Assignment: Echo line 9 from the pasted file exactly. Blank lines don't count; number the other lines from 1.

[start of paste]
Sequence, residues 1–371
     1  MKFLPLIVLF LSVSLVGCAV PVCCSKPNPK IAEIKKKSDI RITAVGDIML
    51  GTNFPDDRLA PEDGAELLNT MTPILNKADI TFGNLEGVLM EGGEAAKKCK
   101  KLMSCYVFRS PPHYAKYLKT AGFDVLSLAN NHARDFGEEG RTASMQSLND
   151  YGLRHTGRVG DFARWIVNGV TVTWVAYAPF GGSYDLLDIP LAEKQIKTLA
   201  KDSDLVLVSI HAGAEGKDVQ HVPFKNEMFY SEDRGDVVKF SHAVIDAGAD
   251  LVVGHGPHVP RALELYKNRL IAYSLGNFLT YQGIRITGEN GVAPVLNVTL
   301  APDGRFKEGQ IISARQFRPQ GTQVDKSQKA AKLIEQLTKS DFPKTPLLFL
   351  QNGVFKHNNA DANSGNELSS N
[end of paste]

   351  QNGVFKHNNA DANSGNELSS N